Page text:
In Politics as a Peculiar Business, Richard Wagner explains that the world of the political and the world of the economic are by no means separate. Political and economic theory are complementary components of social theory. A theory that promotes detailed analysis must include both. It must be a theory of “entangled political economy”.
The widespread adoption of neoclassical economics and econometric methods, with deterministic orientation and removal of the political from economics proper, shifted theory away from plausible (open-ended) reasoning and toward demonstrative reasoning (31). No room was left for the creative power of human choice from which springs forth the novelty inherent in society. Agents communicate to one another through the Walrasian auctioneer, interacting only with regard to prices and quantities (Axtell 2005). This move to demonstrative reasoning represents a shrinking of the domain of economic analysis. For classical economics, the institutional environment and agents acting within it “comprised the foreground” of analysis (9-10). By moving institutional arrangements to the background, much of the content of political economy was lost. Economists may have gained clarity by this formalization, but that clarity came at the cost of the loss of context. The conflict and cooperation that comprise and transform the patterns of interaction in society faded to the background of analysis. This outcome is unnecessary, especially as complex methods such as agent-based modeling and network analysis have become available to economists at continually shrinking costs.
Wagner suggests that we move away from simplistic modeling of human agents as automatons who do not express any will or interaction with one another except when motivated by changes in prices. Life within social orders is more complex. Agents themselves drive change within social systems. Absent commitment to a particular ethic or morality, agents see all objects in the world as potential means for accomplishing ends. For better or for worse, they see manipulation of the political order as such means. Political manipulation reverberates throughout society as changes in legal and political structure reorient the payoffs for actions by other agents much as tectonic shifts reshape a physical landscape. The continual integration of the political sphere with the private promotes an empirical system of entangled political economy whose structure is constantly being generated and transformed by the action of agents, especially those who are politically connected. As Buchanan noted, “order [is] defined in the process of its emergence (1999).”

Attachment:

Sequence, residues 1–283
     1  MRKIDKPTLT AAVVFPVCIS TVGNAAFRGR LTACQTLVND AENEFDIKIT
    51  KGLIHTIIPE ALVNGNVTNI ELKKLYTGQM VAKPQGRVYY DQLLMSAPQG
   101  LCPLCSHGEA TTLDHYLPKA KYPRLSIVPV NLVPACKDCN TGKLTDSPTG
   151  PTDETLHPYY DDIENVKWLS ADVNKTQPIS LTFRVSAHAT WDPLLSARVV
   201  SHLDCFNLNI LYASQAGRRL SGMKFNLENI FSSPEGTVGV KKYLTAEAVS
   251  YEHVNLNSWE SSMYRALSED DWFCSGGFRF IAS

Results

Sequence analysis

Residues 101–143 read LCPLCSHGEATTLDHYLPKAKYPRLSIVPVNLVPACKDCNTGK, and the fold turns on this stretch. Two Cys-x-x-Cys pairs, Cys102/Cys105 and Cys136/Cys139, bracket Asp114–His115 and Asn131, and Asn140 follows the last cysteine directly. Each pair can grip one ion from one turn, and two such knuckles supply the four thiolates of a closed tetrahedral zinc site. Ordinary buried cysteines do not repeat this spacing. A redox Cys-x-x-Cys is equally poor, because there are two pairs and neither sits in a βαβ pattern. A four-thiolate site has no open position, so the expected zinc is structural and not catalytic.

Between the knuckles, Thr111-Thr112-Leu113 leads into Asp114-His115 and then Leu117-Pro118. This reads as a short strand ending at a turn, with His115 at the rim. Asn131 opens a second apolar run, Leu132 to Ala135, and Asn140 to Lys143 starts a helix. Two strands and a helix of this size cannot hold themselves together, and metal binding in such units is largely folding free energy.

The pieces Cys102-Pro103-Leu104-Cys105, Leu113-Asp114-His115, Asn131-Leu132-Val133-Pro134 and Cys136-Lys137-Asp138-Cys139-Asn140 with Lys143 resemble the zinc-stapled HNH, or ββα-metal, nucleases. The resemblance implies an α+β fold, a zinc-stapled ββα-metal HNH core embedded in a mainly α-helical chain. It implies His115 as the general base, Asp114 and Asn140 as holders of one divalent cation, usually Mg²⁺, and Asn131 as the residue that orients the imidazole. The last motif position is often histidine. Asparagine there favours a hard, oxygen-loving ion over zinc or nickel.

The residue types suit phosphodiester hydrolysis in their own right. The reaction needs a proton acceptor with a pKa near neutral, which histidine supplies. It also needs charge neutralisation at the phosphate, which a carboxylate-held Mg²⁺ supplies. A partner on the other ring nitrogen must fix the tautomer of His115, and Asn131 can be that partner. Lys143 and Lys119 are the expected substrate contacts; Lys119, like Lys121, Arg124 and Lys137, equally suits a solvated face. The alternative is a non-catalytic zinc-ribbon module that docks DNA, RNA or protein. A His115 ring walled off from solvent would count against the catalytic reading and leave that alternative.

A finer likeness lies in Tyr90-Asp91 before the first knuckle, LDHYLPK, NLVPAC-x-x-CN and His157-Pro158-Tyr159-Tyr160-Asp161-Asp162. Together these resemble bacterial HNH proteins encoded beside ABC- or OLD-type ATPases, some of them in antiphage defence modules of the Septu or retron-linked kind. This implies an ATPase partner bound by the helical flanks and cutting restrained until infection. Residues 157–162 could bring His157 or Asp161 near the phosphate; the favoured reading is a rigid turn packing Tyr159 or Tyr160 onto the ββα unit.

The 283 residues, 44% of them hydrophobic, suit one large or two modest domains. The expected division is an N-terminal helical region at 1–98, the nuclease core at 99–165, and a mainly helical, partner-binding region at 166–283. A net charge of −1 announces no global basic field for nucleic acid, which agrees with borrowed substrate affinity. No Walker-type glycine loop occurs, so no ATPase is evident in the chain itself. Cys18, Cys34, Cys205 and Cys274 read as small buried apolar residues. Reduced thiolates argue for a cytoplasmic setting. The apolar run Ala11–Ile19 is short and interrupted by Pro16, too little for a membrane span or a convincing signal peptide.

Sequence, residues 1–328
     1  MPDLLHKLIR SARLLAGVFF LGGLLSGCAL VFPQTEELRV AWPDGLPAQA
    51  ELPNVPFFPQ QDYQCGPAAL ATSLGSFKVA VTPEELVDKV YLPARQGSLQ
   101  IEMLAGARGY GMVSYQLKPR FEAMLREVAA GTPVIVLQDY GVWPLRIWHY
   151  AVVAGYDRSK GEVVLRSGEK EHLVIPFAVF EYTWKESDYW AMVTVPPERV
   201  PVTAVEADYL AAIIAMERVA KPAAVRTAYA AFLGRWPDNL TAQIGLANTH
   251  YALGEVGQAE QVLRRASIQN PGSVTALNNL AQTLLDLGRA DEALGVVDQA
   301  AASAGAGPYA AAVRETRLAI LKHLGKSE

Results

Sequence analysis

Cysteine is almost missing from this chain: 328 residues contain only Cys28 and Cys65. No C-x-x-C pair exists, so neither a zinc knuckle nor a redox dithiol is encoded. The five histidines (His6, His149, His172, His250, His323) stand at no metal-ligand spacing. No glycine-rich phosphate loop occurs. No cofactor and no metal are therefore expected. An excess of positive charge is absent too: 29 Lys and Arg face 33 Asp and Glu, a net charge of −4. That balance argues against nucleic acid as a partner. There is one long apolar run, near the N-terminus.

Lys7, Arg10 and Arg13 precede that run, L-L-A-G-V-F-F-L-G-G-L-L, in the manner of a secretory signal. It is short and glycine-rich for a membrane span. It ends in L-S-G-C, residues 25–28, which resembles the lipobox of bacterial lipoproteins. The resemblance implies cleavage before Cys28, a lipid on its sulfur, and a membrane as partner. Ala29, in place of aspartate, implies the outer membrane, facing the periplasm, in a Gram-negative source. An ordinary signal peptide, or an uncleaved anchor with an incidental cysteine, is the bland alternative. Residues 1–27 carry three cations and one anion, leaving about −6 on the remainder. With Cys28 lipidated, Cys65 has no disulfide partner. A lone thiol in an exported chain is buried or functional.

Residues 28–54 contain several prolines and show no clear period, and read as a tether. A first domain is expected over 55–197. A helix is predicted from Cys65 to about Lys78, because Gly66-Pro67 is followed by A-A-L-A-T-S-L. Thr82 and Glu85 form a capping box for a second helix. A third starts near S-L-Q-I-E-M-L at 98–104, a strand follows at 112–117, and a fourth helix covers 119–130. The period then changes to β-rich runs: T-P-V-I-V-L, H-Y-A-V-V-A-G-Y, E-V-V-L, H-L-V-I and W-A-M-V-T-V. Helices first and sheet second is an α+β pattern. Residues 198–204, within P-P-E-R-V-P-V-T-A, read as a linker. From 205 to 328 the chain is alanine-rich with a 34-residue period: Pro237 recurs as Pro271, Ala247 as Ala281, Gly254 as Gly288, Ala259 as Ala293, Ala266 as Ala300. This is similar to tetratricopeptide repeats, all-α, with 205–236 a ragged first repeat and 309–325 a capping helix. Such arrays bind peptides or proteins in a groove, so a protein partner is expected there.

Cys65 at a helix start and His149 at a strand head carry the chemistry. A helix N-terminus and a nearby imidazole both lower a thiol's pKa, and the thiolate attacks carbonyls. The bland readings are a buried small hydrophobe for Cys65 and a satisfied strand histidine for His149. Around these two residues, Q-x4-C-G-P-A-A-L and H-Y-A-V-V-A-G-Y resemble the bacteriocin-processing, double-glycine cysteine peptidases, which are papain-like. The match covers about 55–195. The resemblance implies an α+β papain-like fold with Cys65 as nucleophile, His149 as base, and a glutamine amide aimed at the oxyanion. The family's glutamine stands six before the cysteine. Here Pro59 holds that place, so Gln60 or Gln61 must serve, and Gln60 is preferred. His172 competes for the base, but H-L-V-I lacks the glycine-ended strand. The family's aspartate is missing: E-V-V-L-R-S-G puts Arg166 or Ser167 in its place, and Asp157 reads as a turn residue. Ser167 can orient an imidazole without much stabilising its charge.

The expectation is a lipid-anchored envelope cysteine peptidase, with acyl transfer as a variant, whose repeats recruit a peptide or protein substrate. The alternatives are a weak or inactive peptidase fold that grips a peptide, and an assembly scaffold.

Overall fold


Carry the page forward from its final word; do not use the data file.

The detailed theory presented by Wagner allows the analyst to more closely approach the use of power in society. Power is the essence of the political. Clausewitz famously stated that “war is the continuation of politics by other means.” The reverse is true. Politics is generated by the orientation of expectations around sources of power. In particular, state politics is generated by action within a network of governance whose nodes have successfully attained a legitimated claim over the use of violence. By this power and others, agents who come into conflict may, to varying degrees, engage in war. Such political activity is ubiquitous in society. Competing agents are willing to impose costs on others by use of the power of the state or other political apparatuses. Given this ubiquity, economy and state should not be divided in final analysis.
In sum, Wagner provides a long-needed reformulation of political economy. His framework for analyzing political action moves us away from additive political economy, best represented by traditional neoclassical analysis, to entangled political economy, a framework that recognizes the complexity inherent in society. This framework leaves room for the integration of complex methods, allowing for fine-grained investigation of social phenomena. Entangled political economy returns the theoretical practice of economics to the more robust tradition of social economy that was prominent throughout the substantial majority of the history of economic thought.